Which mold is best when making candles at home?
You’ve settled on making candles at home for some great DIY gifts. You’ve managed to decide on the type of candle and are excited to be making a soy pillar candle. Next is to determine the mold you will use. The decision to buy a mold is not to be taken lightly as they can be fairly expensive. There are a lot of choices when buying a mold and here I will go through the benefits of each kind of mold, my preferences and some very cheap alternatives which are sure to please the budget.
PVC (Polyvinyl Chloride) molds are readily available at Candle Supply companies and many craft stores.
You can buy one piece molds in many standard shapes – cyclinder, cube, rectangular prism, pyramid etc.
These are also two piece molds that clip together to minimize leakage. Simply undo the clips, separate the mold pieces and you have a candle.
PVC is a great mold material for making candles at home because it is strong, durable, resistant to heat and easy to clean. The smooth PVC provides a great finish on a molded candle. The only real disadvantage I can see to PVC is that the material is opaque and so you can’t see your candle until you remove it from the mold.
I especially love the way I can make some standard pillar molds from a quick visit to my hardware store. When making candles at home saving money is important, keep reading for more on this topic later.
Polycarbonate molds are very popular. They too come in one piece for standard shaped candles and two piece for more intricate candles. You will often find the intricate two piece molds have a gasket to minimize leakage. You can get some great polycarbonate trays for making sets of floating candles. In general I have found there to be a wider variety in Polycarbonate than PVC molds but that Polycarbonate is often slightly more expensive.
Polycarbonate is a great mold material for making candles at home because it is strong, durable, resistant to heat and easy to clean. I do find I am a little more careful with my polycarbonate mold though because they are not as strong as some of my basic one piece PVC molds. The smooth Polycarbonate provides a great finish on a molded candle. A great bonus when using Polycarbonate is that you can see you candle as the material is transparent.
Aluminum molds are one piece, seamless and produce an excellent pillar candle. The use of a single piece means there are no seams to trim and aluminum has a perfect mold release. You will find aluminum molds at candle supply stores and craft stores. They are probably best suited to a candle maker who intend to run a business, more than the occasional hobbyist making candles at home.
I have found aluminum molds retail at a higher price than polycarbonate molds. Again, the aluminum is opaque and you can’t actually see your candle until you release it from the mold. That said I don’t find the opacity of aluminum or PVC to be an issue at all.
Polyurethane Molds are tough and flexible. You can buy standard taper molds in polyurethane and also quite decorative pillars and shaped candles. The creators of these molds manage to include great detail in the molds. These molds are very durable and will last for countless pours. Generally, polyurethane molds are one piece with a side slit, but some are two piece with minimum seams due to excellent design. The wick is inserted through the wick hole on the bottom of the mold, no plug is necessary.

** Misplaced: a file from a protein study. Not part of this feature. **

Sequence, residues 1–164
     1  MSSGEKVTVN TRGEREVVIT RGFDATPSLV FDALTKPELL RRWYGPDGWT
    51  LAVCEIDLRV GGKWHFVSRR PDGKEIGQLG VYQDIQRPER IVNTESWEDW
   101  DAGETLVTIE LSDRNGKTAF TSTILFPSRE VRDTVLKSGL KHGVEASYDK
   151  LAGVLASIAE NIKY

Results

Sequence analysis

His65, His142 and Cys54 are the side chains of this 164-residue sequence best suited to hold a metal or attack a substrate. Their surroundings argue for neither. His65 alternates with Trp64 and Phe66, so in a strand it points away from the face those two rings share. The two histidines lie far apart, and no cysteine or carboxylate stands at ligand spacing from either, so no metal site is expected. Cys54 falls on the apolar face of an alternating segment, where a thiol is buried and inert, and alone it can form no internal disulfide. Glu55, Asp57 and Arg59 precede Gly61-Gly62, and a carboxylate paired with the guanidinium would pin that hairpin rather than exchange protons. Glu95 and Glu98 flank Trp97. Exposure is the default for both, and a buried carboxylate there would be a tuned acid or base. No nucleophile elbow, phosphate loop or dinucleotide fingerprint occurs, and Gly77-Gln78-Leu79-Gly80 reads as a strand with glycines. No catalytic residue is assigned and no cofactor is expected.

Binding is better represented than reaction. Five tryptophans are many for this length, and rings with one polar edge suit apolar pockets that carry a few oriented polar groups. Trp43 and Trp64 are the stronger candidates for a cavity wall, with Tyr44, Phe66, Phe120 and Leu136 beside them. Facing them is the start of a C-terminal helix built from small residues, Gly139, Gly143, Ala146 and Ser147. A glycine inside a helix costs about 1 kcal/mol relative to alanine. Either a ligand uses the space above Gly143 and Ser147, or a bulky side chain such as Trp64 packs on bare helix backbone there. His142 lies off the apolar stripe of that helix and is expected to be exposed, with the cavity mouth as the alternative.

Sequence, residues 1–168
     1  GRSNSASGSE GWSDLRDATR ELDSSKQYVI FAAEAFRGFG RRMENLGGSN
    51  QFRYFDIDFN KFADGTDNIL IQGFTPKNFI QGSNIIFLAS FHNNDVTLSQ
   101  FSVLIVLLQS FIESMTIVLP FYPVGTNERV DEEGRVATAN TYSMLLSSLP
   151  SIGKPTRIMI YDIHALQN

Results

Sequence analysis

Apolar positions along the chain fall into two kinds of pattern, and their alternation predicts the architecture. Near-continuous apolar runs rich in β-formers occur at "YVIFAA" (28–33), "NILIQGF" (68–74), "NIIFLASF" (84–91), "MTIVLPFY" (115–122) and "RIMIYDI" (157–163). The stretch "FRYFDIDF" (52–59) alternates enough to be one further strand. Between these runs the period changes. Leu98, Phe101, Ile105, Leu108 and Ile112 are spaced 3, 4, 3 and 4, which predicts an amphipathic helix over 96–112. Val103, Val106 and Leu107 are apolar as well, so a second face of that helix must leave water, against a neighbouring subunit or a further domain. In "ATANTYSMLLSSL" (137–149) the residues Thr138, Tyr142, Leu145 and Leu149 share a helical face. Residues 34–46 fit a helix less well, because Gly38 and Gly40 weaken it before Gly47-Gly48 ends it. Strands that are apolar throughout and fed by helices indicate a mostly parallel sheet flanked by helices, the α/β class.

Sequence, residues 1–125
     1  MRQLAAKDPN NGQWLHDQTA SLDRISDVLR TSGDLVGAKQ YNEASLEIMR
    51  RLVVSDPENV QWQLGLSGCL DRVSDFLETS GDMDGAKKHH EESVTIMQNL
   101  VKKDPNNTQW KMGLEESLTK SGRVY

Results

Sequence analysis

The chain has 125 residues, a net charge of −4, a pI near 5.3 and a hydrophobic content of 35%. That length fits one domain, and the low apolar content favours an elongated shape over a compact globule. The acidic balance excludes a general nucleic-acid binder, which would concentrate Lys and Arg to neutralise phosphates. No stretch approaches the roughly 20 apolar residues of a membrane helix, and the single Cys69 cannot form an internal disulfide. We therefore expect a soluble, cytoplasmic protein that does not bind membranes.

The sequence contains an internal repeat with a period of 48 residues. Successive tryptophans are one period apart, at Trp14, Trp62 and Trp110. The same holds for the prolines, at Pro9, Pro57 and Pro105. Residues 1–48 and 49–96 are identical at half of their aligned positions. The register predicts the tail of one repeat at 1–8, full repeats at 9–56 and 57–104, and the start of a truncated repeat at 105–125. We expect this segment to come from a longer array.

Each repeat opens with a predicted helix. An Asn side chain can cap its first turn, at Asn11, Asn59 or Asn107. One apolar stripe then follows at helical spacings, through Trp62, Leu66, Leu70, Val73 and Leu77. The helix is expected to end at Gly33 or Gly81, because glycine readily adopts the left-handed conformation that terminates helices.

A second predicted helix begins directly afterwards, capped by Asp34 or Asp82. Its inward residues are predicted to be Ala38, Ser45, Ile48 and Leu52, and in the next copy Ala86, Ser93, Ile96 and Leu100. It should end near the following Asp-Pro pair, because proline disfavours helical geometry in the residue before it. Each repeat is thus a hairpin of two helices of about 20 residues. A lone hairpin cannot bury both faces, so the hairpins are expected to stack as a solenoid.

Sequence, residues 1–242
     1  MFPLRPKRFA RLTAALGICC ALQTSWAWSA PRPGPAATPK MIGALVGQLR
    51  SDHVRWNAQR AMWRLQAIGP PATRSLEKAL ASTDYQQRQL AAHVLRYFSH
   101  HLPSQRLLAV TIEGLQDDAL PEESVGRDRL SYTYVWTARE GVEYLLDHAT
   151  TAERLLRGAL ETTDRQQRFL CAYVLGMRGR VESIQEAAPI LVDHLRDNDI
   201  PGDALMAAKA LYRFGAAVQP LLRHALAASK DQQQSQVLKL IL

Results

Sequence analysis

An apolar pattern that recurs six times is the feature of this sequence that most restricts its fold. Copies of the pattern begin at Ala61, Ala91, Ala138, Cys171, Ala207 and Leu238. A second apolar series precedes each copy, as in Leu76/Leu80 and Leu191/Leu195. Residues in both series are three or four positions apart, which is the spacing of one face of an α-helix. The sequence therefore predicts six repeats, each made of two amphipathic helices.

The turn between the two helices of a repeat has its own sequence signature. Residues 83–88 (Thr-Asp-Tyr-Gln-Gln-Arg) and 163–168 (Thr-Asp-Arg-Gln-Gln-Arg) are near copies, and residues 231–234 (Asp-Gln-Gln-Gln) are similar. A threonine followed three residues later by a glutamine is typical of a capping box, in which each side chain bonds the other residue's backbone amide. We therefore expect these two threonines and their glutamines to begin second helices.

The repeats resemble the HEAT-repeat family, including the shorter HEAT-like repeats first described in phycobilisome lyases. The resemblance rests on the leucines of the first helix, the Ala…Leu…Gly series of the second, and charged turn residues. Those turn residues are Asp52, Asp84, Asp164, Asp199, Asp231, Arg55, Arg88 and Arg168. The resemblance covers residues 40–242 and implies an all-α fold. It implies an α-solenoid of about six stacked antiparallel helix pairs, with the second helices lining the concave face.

While there are many benefits to polyurethane, if you are just starting out with candle making or are simply a hobbyist making candles at home polyurethane candles are an expensive investment. Before buying one you want to ensure you will use that mold a large number of times to get sufficient value from it.
Silicone is a bit like the new kid on the block in candle making. Silicone molds are made of high quality silicone rubber that will last through hundreds of pourings if cared for properly. Silicone molds are amazing and come in an array of wondrous shapes. You can get molds to make a candle in the shape of a muffin, a banana, a piece of sushi, a tree, a cat – you get the picture! Silicone molds enable you to make candles with incredibly fine detail. However, before you get too excited, they too are quite expensive. For a hobbyist making candles at home you want to ensure you will use the mold a large number of times to get sufficient value from it. Having said that, I can’t resist them because they are so adorable!
Besides expense the only disadvantage to silicone is the need to treat it more carefully. Silicone will last for hundreds of candles but you have to take great care not to tear it and you also need to ensure you care for it correctly. Silicone should be kept out of direct sunlight, they need to be washed and dried thoroughly after use and they need care when storing them for long periods of time.
I’m making candles at home as I hobbyist
What should I buy?
So what should you buy? I guess that depends on where you are in your candle making endeavor. If you are just starting out making candles at home you really can’t go wrong with a PVC, Polycarbonate or Aluminum mold in a basic standard shape like a cylinder, cube, pyramid or hexagonal prism. I would start out using a one piece mold and as your experience grows move onto two piece molds and more decorative molds.
What if you really can’t afford to buy any molds? Well there are heaps of DIY options, in fact I have made a video or two on it, available in our members area. In the videos I go through how to use milk cartons, silicone bakeware, cardboard and how to make your own cylindrical PVC mold from a visit to the hardware store.